Concerned about the Zika Virus?
You should be!
Everyday we hear more stories in the news about the rapid spread of the Zika Virus.
Disturbing images of babies born with microcephaly, severe brain malformations, and
other birth defects are heart-breaking.
It is reaching epidemic proportions in more and more areas and devastating the health
of thousands of people, worldwide.
Just today, I learned that the Zika Virus is now in parts of Florida.
What is the Zika Virus?
Where did it come from?
How is it transmitted?
How can we protect ourselves and our loved ones?
Knowledge is power.
A Few Facts about the Zika Virus
According to Wikipedia, Zika virus (ZIKV) is a member of the virus family Flaviviridae
and the genus Flavivirus.
It is spread by daytime-active Aedes mosquitoes, such as A. aegyptiand A. albopictus.
Its name comes from the Zika Forest of Uganda, where the virus was first isolated in 1947.
Zika virus is related to the dengue, yellow fever, Japanese encephalitis, and West Nile viruses.
Since the 1950s, it has been known to occur within a narrow equatorial belt from Africa to Asia.
From 2007 to 2016, the virus spread eastward, across the Pacific Ocean to the Americas, where
the 2015–16 Zika virus epidemic reached pandemic levels.
The infection, known as Zika fever or Zika virus disease, often causes no or only mild symptoms,
similar to a very mild form of dengue fever.
While there is no specific treatment, paracetamol (acetaminophen) and rest may help with the
As of 2016, the illness cannot be prevented by medications or vaccines.
Zika can also spread from a pregnant woman to her fetus.
This can result in microcephaly, severe brain malformations, and other birth defects.
Zika infections in adults may result rarely in Guillain–Barré syndrome.
In January 2016, the United States Centers for Disease Control and Prevention issued travel
guidance on affected countries, including the use of enhanced precautions, and guidelines for
pregnant women including considering postponing travel.
Other governments or health agencies also issued similar travel warnings,while Colombia, the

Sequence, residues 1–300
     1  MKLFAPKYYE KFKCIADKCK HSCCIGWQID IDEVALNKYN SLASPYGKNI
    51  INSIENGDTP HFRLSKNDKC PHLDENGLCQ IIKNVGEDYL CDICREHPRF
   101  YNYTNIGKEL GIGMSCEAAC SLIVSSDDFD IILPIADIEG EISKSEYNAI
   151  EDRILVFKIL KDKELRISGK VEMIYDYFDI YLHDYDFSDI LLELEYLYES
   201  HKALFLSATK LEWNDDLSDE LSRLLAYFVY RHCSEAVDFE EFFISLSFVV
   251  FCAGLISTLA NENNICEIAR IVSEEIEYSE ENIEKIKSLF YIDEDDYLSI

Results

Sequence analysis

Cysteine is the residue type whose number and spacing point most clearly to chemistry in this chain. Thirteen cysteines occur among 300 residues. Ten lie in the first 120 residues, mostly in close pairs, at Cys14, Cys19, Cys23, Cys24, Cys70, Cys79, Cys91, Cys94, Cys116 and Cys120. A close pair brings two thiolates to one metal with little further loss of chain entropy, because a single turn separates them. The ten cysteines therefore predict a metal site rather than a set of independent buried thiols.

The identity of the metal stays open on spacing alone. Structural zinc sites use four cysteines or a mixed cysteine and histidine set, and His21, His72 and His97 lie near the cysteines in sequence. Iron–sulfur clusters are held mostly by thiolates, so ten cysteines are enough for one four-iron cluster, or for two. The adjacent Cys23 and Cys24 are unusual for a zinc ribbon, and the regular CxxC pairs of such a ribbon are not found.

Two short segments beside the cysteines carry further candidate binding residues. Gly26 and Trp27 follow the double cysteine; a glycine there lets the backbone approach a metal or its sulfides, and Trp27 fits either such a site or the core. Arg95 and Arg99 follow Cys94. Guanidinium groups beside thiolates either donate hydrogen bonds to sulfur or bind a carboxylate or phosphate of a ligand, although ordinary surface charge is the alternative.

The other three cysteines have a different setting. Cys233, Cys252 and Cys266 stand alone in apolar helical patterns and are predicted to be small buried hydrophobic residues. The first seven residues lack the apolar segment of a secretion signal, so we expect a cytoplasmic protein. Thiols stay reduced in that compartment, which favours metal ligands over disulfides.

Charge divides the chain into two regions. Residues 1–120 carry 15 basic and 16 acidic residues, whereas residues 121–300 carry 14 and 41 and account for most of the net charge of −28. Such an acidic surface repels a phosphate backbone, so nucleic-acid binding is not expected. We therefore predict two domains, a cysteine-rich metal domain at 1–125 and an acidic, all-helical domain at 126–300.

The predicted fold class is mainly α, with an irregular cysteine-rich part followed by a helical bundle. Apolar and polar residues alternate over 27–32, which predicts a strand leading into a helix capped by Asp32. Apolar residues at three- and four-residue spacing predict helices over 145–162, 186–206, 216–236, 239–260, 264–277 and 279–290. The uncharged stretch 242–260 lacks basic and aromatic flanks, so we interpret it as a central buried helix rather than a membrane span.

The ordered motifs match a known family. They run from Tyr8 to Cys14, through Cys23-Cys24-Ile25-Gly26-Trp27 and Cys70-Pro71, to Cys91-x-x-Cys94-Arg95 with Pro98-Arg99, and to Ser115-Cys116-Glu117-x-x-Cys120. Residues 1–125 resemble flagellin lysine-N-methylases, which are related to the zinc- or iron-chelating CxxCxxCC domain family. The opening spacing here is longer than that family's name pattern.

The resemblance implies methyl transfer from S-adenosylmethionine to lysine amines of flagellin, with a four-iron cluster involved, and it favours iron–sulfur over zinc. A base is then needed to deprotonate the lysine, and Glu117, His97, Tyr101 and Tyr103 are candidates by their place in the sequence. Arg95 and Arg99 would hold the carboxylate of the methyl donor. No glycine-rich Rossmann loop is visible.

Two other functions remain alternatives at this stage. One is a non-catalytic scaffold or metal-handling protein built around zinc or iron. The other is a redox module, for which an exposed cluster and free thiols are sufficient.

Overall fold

Dominican Republic, Ecuador, El Salvador, and Jamaica advised women to postpone getting
pregnant until more is known about the risks.
Want to Learn More?
Check out this detailed infographic shared by mphonline.org, which provides valuable insights
about Zika virus–presenting a brief history of the spread of the infection caused by the virus,
common symptoms, the transmission map and the prevention tips.
It is important to note that:
*Pregnant women should avoid traveling to infected or mosquito-ridden areas, since the
virus can transfer from mother to fetus, sometimes causing microcephaly in newborns.
*Anyone infected is at risk of developing Guillain-Barré syndrome, a disorder where the body’s
immune system attacks nerves, sometimes causing paralysis.
The prevalence of Guillain-Barré syndrome is around 6 to 40 cases per 1 million people.
Key Zika Prevention Tips
The Centers for Disease Control (CDC) has issued some prevention tips based on what they
currently know about Zika, although more research is still being conducted:
*Do not travel to countries with high transmission rates.
*Wear protective clothing and use a bug repellent spray during they day since most mosquitoes
that carry the virus are out during that time.
*Make sure to always reapply bug repellent according to product directions.
*Use protective mosquito netting–especially for newborns in cribs or playpens.
*If you are infected with the virus, avoid sexual contact.
Are you concerned about the Zika Virus?
Share your thoughts and comments with us.